Tomorrow’s NBA Draft and the beginning of free agency have prompted a lot of talk about how everyone hopes to play in a vibrant and fun city.
Indianapolis, along with Milwaukee, Salt Lake City, Memphis, Detroit, and Cleveland, is often listed among those cities rejected as being uncool.
I get it. When the idea of moving from Chicago to Indianapolis was first mentioned to me, I laughed. Indy’s reputation as a great place has grown since we made the move, but it’s brand still lags behind most major league cities.
Here are 10 unique positives to living in Indianapolis:
10 – No national microscope. There is good and bad about playing in LA or New York. The bad includes daily harangues from national network talking heads, and social media blasts that get very personal. Indianapolis is not a big enough market to drive ESPN to care about the teams here. Silence is golden.
9 – Both major league teams are well-run. Both the Pacers and Colts are trying to build champions through an amalgam of talent and culture. Money is being invested in the physical plants of both teams at a significant level.
8 – Media is considerate. This is a weird market in that the media doesn’t want to waste the time of athletes and coaches any more than athletes and coaches want their time wasted. Questions reflect an elementary understand of the sports and teams being covered.
7 – Schools are solid. For athletes with kids, Indy is a good city to raise children. You can find great suburbs in any city with outstanding schools, but there is no lack of them here.
6 – Ease of movement. No matter where you live in Indianapolis, you are 30 minutes or less from everywhere. Heavy traffic is a temporary condition, not a constant inconvenience in Indy.
5 – Fans let you be. I’ve seen Peyton Manning and Reggie Miller eat lunch in Indianapolis restaurants without a single person bothering them. Athletes walk among us in the malls, and no one loses their Linds. Andrew Luck rides his bike downtown, and people wave. Indy is the city where athletes can enjoy the fruits of fame without sweating the unpleasantness of being hounded. I saw Adam Vinatieri standing in line at a gas station, and the next time I saw him asked what that would have been like when he played for the Patriots. He said that normal behavior was impossible there.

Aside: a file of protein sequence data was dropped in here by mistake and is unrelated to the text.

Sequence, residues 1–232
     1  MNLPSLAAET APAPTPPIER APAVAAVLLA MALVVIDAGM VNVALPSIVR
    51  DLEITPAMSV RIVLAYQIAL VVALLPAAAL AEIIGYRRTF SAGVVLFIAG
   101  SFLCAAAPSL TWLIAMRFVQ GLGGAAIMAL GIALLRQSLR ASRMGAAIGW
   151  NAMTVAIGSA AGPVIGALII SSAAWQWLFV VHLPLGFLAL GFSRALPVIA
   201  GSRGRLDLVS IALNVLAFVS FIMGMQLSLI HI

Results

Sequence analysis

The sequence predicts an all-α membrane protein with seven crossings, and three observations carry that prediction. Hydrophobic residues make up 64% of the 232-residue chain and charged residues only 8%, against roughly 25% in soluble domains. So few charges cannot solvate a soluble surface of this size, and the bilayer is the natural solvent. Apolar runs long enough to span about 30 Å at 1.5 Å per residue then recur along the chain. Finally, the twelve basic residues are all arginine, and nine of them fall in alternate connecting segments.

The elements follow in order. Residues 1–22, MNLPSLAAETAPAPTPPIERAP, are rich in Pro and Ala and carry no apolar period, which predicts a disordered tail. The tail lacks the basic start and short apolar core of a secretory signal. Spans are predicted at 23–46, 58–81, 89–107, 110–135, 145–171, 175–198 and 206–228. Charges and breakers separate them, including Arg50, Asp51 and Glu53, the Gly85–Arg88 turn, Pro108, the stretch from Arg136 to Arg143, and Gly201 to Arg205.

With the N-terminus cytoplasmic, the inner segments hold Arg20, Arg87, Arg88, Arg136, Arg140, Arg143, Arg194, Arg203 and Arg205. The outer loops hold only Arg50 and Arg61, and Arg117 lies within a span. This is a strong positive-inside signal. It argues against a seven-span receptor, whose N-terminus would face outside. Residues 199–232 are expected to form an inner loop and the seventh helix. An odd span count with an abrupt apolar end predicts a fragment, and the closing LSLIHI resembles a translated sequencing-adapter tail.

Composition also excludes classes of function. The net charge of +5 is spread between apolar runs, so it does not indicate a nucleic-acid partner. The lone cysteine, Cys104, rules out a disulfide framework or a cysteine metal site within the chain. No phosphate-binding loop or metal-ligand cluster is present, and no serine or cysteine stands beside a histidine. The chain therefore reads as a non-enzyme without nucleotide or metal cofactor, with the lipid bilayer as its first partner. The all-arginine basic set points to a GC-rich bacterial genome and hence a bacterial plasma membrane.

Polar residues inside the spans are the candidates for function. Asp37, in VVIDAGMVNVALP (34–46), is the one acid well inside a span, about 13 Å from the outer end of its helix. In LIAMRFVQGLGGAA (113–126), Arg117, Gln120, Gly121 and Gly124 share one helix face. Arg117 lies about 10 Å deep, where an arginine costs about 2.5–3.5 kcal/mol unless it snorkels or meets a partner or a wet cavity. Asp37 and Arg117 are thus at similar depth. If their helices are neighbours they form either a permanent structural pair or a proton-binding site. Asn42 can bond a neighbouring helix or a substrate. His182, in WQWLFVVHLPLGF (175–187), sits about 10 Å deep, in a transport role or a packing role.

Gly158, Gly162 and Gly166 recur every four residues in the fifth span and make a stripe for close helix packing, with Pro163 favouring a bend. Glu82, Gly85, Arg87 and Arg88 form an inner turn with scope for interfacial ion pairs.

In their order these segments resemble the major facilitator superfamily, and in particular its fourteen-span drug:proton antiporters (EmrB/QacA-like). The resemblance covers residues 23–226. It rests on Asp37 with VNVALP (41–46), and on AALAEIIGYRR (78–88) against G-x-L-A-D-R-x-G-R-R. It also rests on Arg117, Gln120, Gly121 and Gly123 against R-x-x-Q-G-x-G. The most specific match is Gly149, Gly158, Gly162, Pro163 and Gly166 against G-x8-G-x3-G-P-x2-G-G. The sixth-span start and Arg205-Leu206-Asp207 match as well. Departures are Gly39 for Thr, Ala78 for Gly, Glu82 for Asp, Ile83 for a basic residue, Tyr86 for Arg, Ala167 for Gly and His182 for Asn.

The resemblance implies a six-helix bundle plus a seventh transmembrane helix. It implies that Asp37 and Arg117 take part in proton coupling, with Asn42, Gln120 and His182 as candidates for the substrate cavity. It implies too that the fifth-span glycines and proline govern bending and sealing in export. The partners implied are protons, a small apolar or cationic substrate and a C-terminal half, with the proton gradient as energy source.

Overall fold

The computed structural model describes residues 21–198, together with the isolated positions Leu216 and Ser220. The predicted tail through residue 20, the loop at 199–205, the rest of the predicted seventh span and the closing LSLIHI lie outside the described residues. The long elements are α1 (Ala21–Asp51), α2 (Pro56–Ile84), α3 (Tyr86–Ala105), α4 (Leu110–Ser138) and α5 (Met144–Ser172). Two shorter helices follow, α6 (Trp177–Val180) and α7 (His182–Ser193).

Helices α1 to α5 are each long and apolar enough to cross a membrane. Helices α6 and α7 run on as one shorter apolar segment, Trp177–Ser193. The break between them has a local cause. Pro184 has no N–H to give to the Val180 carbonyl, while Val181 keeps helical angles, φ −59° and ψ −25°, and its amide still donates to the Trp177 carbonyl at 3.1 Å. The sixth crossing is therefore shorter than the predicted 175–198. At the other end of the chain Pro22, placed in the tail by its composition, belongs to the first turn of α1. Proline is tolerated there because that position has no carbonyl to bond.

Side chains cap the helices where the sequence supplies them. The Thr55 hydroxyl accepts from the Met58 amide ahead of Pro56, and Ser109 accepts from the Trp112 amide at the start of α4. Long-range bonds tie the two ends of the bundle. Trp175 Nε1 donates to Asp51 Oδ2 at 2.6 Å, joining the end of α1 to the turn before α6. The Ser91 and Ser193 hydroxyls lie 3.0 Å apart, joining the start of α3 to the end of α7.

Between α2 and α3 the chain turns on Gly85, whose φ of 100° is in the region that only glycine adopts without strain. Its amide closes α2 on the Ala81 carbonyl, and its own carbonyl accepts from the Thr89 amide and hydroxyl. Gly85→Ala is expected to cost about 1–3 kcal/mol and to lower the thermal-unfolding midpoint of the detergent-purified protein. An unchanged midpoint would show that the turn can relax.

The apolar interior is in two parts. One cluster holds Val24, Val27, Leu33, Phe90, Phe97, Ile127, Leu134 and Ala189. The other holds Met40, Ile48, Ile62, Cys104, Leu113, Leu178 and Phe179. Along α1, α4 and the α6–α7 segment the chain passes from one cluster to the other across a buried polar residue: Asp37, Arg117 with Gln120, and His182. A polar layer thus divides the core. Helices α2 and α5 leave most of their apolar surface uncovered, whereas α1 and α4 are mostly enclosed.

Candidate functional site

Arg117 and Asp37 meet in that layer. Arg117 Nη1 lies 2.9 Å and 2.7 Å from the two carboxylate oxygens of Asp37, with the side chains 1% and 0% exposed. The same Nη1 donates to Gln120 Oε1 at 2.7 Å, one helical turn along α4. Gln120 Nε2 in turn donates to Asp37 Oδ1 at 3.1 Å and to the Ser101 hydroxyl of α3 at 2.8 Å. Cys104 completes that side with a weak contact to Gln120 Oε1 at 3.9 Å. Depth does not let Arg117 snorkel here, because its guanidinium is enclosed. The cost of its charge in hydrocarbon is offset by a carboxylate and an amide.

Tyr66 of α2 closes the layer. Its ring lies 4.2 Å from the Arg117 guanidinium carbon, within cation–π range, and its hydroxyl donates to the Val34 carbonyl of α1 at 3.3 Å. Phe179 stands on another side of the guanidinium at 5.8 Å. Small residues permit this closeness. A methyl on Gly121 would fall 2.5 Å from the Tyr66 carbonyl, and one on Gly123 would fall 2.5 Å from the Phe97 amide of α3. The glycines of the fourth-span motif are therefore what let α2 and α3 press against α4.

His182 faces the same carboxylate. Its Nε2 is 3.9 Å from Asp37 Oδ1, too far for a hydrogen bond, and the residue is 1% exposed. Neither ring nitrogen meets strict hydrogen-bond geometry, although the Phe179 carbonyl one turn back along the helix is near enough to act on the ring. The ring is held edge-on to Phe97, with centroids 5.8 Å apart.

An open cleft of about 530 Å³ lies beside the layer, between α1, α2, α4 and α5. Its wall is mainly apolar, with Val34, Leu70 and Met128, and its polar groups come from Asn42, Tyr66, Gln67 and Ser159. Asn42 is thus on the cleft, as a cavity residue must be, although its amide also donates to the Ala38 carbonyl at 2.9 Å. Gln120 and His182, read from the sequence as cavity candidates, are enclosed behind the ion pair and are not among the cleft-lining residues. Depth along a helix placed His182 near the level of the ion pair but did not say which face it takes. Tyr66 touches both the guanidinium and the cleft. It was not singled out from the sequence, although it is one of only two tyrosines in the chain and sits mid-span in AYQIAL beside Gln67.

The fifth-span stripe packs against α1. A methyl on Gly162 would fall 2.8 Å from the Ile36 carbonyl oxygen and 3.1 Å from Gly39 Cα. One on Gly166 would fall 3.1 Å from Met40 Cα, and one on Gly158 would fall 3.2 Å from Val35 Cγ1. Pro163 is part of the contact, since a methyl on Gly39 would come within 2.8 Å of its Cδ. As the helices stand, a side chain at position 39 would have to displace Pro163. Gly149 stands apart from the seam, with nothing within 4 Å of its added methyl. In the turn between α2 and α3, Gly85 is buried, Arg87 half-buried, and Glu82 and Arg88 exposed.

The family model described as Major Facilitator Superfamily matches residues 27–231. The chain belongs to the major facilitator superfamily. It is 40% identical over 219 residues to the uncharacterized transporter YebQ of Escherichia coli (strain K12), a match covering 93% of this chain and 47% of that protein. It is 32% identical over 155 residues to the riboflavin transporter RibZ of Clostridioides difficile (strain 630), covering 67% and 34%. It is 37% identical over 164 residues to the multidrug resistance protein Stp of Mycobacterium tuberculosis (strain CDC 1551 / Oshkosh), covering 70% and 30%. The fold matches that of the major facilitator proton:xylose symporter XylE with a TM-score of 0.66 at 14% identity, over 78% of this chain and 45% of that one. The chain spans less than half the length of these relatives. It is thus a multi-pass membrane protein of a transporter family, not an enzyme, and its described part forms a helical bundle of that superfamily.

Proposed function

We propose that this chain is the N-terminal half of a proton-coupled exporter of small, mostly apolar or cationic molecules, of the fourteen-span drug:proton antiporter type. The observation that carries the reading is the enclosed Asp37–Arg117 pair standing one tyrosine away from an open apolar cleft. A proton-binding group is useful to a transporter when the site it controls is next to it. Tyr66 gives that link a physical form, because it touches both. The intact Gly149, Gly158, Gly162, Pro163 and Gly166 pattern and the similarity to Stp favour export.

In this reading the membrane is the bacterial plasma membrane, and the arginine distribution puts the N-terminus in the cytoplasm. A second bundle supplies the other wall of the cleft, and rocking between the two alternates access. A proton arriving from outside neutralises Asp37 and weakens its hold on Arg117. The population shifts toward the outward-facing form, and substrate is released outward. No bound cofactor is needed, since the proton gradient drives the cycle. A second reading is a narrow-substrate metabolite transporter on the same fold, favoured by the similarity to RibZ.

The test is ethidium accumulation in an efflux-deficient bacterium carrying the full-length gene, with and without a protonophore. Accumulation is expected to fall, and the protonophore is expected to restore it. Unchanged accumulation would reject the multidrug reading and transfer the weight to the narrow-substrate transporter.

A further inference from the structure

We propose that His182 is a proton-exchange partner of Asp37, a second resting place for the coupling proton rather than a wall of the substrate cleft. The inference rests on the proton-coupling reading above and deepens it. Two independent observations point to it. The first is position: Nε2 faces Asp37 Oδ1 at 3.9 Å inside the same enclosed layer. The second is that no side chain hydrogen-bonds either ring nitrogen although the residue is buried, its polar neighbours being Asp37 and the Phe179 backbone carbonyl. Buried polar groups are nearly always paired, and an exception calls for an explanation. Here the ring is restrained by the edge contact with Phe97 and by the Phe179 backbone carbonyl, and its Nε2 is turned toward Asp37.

4 – Real estate prices. You can buy a hell of a house on a lake in Indianapolis for what a 2,000 square foot home in suburban Chicago or Los Angeles would cost.
3 – Weather. Now I’m not going to tell you Indianapolis is like San Diego. It’s not. But it’s void of the messes in many places. The winters are mostly ice and snow free compared to Chicago, Detroit, the Twin Cities, Buffalo, and virtually anywhere else to the north. Unlike coastal regions, there are no hurricanes here. Earthquakes are unheard of. Tornadoes are not nearly as frequent as in many other midwestern cities. The heat isn’t oppressive either. We have summers where the thermometer rarely hits 90.
2 – No obvious entrenched racism. I’m not going to say racism is non-existent in Indianapolis because I an ineligible to be a victim of prejudice, but having lived in Chicago and (briefly) in St. Louis I’ve seen plenty of it. I don’t hear or see it here. In Indy, people are truly judged based upon the content of their character.
1 – Virtually asshole free. People in Indianapolis are friendly, tolerant, and considerate. After spending most of my first 30 years in and around Chicago, I grew unnerved by the relentless unfriendliness on roads, in bars, and on trains. I drove around the Northside of Chicago for five hours one day in search of a fast food employee who would greet me as though I was a human being rather than an inconvenience. Finally, at a Wendy’s, a cashier looked me in the eye and said, “Welcome to Wendy’s!” In Indy, politeness is real and sincere.